On the one hand, the state government is organising various melas and fairs to promote traditional farming, on the other it has failed to provide compensation to farmers of Uttarkashi district who lost their crops due to unseasonal rain a few months ago. The farmers are running from pillar to post to get the compensation for the rabi crops that were damaged due to hailstorm and untimely rain in March-April 2015. The district administration paid compensation to some farming families but around 46,770 farmers are left to be given a relief so far and are running from one office to another to receive the amount they should have got months ago.
South Australian farmers hit by the bushfire north of Adelaide have lost crops worth about $24 million. Unharvested wheat crops bore the brunt of last month's blaze, with more than 22,000 hectares destroyed, worth at least $15 million, Primary Industries SA said. More than 30,000 tonnes of hay, worth about $8 million, was also lost. The bushfire claimed two lives, destroyed close to 500 buildings and burnt through about 82,000 hectares in late November.
The country’s insurance regulator — IRDA — is actively considering the use of satellite remote sensing technology as a mapping tool for agricultural yield estimation and crop losses in a bad monsoon year. The move, aimed at ensuring faster settlement of crop insurance losses, comes at a time when the country has experienced back-to-back monsoon failures — the first since 1986-87. IRDA has concluded a series of discussions with stakeholders in this regard, officials indicated.
Agriculture minister Prathipati Pulla Rao today said the state government will support farmers who have lost their crops in the recent heavy rains. A total of 2,60,000 hectors paddy crops were lost in the state during the recent rains. Nearly 6,000 hectors of fish and prawn cultures were damaged due to rains. The state government will give full support to farmers who have lost the crops. The minster took part in the Telugu Desam Party's 'Jan Chaitanya Yatra' in Gudivada Town of Krishna district.
There are more than 300 growers in South Australia were severely hit by bushfires in November 2015. About $40 million of crops are thought to have been lost in the blaze which today continues to inflict catastrophic damages to country`s agriculture. As a result of the fire, over 120,000 tonnes of crop were lost and total 87,500 ha of agricultural land were burned down, as of December 1, 2015.
Macadamia farms have isolated storm damage, with crop losses varying between 5% and 50%, but supply is still consistent following severe thunder storms over the weekend along the NSW North Coast, and Queensland. Those farms that have been hit are badly affected, but at this stage the extent of the damage should not have a major affect on the Australian crop, says CEO of the Australian Macadamia Society.
Farmers hit by the bushfire in South Australia's Mid North could be facing years of land rehabilitation to restore their properties. About $40 million of crops are thought to have been lost in the blaze north-east of Adelaide, but the fire has also razed the land — leaving farmers to battle erosion and top soil loss. The Insurance Council of Australia said the total insured losses from the fire was more than $88 million and a large part of was crop and farming claims.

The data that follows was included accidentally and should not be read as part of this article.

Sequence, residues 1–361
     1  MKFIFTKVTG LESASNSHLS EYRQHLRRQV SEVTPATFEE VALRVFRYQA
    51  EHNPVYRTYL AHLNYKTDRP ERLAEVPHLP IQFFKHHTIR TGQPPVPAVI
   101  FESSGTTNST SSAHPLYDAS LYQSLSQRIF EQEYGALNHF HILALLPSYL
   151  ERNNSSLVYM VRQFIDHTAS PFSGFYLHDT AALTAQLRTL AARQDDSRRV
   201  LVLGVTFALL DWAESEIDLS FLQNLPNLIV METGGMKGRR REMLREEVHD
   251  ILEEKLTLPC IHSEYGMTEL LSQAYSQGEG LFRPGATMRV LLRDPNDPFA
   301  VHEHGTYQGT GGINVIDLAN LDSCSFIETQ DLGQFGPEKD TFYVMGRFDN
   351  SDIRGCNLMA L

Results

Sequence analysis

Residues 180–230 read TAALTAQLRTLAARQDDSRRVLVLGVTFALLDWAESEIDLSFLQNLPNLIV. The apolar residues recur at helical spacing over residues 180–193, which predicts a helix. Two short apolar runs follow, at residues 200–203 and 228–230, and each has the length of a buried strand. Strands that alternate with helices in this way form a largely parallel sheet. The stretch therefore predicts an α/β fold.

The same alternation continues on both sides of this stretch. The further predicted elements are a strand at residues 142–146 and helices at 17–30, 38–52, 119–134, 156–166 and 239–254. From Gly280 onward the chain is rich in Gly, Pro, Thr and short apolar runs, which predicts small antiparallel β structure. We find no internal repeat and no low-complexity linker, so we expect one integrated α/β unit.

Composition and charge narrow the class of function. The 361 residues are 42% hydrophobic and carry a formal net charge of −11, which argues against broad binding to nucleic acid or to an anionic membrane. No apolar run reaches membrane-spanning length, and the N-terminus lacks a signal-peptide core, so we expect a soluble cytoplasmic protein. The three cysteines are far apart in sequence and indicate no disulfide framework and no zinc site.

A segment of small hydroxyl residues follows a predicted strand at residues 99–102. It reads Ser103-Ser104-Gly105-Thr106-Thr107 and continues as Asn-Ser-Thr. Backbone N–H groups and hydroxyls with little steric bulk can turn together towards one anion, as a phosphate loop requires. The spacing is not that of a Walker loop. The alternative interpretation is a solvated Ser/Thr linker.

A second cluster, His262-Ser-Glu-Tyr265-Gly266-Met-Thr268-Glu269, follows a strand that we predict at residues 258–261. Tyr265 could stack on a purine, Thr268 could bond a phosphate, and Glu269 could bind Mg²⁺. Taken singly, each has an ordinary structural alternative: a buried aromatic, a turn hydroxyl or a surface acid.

At least 16 farmers from Barangays Mangin and Salisay in Dagupan City benefited from the crop insurance program implemented by the Philippine Crop Insurance Corporation (PCIC). Mayor Belen Fernandez said that for the first time, farmers whose crops were destroyed during the onslaught of typhoons Kabayan and Lando received compensation amounting to between P5,700 and P33,000 each from PCIC.
A study by the Centre for Science and Environment (CSE) here has advocated a more meaningful system to assess relief for farmers to cover both crop loss and input cost for the next season. It advocates a good crop insurance product, one which is flexible, has fast payouts and follows a transparent and modern process of damage assessment. In a report issued on Thursday, titled ‘Livid Anomaly’, on the unseasonal rain and hail that damaged large tracts of the standing rabi crop in the 2015 season, CSE said it estimated the total economic loss at Rs 20,453 crore.
Farmers have lost more than 10 million tonnes of rabi crops, valued at above Rs 20,000 crore, due to unseasonal rainfall and hailstorm in February-April this year, CSE said in a report. India may have to import 10 lakh tonnes of wheat in 2015-16 as about 68.2 lakh tonnes were lost due to unseasonal rainfall, the Centre for Science and Environment (CSE) said in its report, titled 'Lived Anomaly'. In February-April 2015, standing crops on 182.38 lakh hectares or 29.61 per cent of the entire rabi sown area were affected. Six-seven per cent of this was wheat crop.
FIGURES are starting to emerge for massive crop losses caused by the Esperance fires, with WA Farmers saying the damage bill will likely be “in excess of $60 million”. WA Farmers President said $60 million was a conservative figure based on 200,000 tonnes of grain losses. The firestorm, which claimed four lives after being sparked by lightning on Sunday, has razed more than 130,000ha and decimated crops during what would have been a bumper season.
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